Did I enjoy the experience? Would I do it again? I don’t think so.
It was like running a marathon, in my opinion, (I’ve completed five) you’re glad you did it but wouldn’t say you enjoyed it!
Maybe in the future I’ll reconsider it but I’m definetly not on the market for a new MTB.

We just completed the BVRT over 4 days with my Family. It was fantastic! Congratulations to Queensland on the thoughtful infrastructure, preservation of history, planting of trees and gardens and overall upkeep and maintenance of this 160 km trail. April is a perfect time weather wise to visit the BVRT. Each day brought different vistas, vegetation and terrain. We booked an itinerary through Brisbane Valley Rail Trail Adventures who took all the hassle out of the organisation and transport, leaving us free to just enjoy the experience. I Highly Recommend the experience.

We thoroughly enjoyed cycling the BVRT recently. Being from Hobart we appreciated the companies that booked our accommodation, transported our bags each day and rented us the bikes of our choice. We found them through google and it was good to know help was always available from the friendly teams if we’d needed it. There’s also an excellent brochure filled with maps and useful information.

Our first day’s ride was from Yarraman to Linville which is 45 kms. There were many bridges missing so (being 70) we were careful and walked our bikes down the steep rocky gullies and up the other side. but I suspect younger bolder people may have enjoyed the challenge of riding them. Later the wider gullies were fun to ride.

There’s a great pub at Linville and our cottage accommodation was terrific.

Day 2 was 55 kms from Linville to Esk including the Yimbun Tunnel. We enjoyed a lunch break at Toogoolawa which had lots of shops including a pharmacy.
There are many signs along the BVRT
warning what to do when you’re passing through the magpie’s habitats. We heard and saw many magpies but most weren’t interested in us at all (14-16 August). However several people had been attacked between the tunnel and Toogoolawa so we were wary and dismounted at the worst spot. We stayed together and walked as recommended. We also sang! Only one flew over us but none attacked. The cows on the track were easily negotiated and we enjoyed the shaded rest sites along the way
Our final day was 67 kms from Esk to Wulkuraka train station.

We were glad to have good wide tyres and enjoyed the variety of surfaces along the way. We highly recommend the BVTR but I’d love to see the bridges rebuilt over the steeper gullies.

Completed a few more sections on the 28-30th of July, 2023.
Congratulations to the track maintenance teams who have been upgrading the surface of the trail from the trail head at Wulkuraka northbound until the road crossing at the Brisbane Valley Highway on the way to Fernvale.
Also recommend the Bakery at Blackbutt.

If you're up for a climb, go for the Linville to Benarkin Section. = Great.

Happy riding.

Grat trail to do over a few days, best to start at Yarraman. Not too difficult in dry weather, the river/creek crossings might be hard when rain around. We enjoyed it. Linville Pub a highlight

My husband and I travelled from the Blue Mountains to ride the BVRT, Yarraman to Wulkuraka, over three days. What an adventure and what a blast, such a fantastic experience. It is one of the best things we have ever done. We gave our e-bikes a great workout, and couldn't have managed without them, especially for the 'down and up' bits where the rail bridges used to be. Out There Cycling were outstanding with information and helped with advice as we researched our itinerary. Leaving our car at Wulkuraka, we caught the shuttle bus to Yarraman, and off we went. First night at Moore, second night at Esk, with Out There Cycling also providing luggage transfers. What a way to travel! Everyone we met along the way was so friendly, and it was such a great vibe along the trail. We loved the whole experiencel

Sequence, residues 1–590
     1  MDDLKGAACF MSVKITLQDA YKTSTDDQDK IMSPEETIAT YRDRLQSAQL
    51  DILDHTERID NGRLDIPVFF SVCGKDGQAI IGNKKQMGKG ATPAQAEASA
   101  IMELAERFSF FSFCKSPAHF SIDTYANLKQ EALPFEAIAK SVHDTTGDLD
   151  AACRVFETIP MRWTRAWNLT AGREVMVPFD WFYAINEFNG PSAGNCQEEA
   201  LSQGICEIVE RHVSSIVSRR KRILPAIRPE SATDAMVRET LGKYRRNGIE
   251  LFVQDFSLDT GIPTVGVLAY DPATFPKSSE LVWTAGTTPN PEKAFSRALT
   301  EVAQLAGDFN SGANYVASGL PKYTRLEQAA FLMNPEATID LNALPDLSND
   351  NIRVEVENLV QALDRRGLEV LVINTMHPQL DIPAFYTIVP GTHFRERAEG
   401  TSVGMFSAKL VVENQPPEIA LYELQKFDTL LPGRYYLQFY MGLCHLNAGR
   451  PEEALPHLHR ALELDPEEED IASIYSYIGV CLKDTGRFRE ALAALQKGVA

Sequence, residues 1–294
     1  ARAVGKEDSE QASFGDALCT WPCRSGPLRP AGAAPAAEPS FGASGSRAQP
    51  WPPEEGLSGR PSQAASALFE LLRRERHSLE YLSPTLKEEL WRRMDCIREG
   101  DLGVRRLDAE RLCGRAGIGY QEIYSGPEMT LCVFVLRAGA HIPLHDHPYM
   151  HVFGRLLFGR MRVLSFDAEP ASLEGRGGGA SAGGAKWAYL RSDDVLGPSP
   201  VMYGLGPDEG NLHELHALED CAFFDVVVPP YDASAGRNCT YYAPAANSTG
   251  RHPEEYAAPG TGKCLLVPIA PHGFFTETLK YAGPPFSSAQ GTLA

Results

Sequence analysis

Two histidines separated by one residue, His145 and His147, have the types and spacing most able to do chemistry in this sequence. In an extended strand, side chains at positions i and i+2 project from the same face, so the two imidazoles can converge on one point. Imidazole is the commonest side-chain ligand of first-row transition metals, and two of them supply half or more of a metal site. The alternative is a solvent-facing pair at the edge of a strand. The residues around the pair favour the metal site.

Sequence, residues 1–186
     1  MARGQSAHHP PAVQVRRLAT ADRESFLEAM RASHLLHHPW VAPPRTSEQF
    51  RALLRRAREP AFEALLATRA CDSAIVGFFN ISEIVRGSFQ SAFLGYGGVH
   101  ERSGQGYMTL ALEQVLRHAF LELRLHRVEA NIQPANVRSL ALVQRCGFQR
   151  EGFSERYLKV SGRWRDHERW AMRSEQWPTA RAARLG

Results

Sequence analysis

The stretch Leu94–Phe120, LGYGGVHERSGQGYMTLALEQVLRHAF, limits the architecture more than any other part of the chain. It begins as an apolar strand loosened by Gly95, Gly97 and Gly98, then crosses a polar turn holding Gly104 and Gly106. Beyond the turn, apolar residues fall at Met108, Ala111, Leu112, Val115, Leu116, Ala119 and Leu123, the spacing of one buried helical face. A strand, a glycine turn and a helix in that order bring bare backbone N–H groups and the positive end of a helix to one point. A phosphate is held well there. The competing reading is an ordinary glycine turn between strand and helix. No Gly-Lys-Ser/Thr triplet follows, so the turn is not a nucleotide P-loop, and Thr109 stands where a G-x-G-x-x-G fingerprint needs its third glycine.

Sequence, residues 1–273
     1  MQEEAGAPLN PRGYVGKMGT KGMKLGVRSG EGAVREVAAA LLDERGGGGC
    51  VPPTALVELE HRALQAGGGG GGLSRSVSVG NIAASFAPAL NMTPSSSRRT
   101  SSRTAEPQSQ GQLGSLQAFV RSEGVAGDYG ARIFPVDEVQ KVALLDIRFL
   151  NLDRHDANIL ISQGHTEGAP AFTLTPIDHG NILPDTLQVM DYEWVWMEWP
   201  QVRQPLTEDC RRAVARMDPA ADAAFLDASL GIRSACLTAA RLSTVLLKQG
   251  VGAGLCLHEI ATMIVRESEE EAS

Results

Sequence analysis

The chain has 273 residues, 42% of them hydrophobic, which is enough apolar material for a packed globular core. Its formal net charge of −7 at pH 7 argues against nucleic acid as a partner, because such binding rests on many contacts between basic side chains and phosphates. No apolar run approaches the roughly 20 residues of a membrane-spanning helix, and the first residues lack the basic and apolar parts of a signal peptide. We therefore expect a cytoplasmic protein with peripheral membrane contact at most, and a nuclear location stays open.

Thank you Heather for your 5 star review of Out There Cycling, as we only recently took over this business we are ecstatic to be doing a great job. The OTC Team are so happy yourself and your husband enjoyed your BVRT adventure.

Yarraman to Toogoolawah. Very enjoyable ride completed in 1 (very tiring) day with my 12yo daughter. Trail is well signed and predominantly rough gravel. I'd recommend investing in some gloves to take the edge of the vibration and make sure you have puncture repair kit and/or spare tubes on hand. If using standard (non-E) bike, traveling north to south will allow you to take advantage of the gradient, however once past Moore the trail is generally flat / undulating with the exception a few heartbreak hills heading into Harlin.
Trail condition was excellent with creek crossing clear and traversed via concrete paths. We particularly enjoyed the Benarkin to Linville section which was all easy downhill, through the valley and provided for some excellent photos, historic information and a couple of encounters with some friendly moo-cows.
I think I enjoyed this half of the BVRT more than the lower half (Wulkuraka – Toogoolawah). The upper half has more varied scenery and conditions however the services and amenities available in the towns south of Toogoolawah are better.

Esk to Toogoolawah. Resurfacing works appear to be complete. The former rough, stony and grassy section of the trail between Toogoolawah and the highway underpass towards Esk has now all be upgraded to a much smoother and wider hard packed unsealed surface. This makes for a much more pleasant cycling experience.
Also, there is a new cafe, Brisbane Valley Roasters, in Esk right on the trail as the trail exits Esk towards Toogoolawah. It provides a bike rack with power outlets for charging ebikes.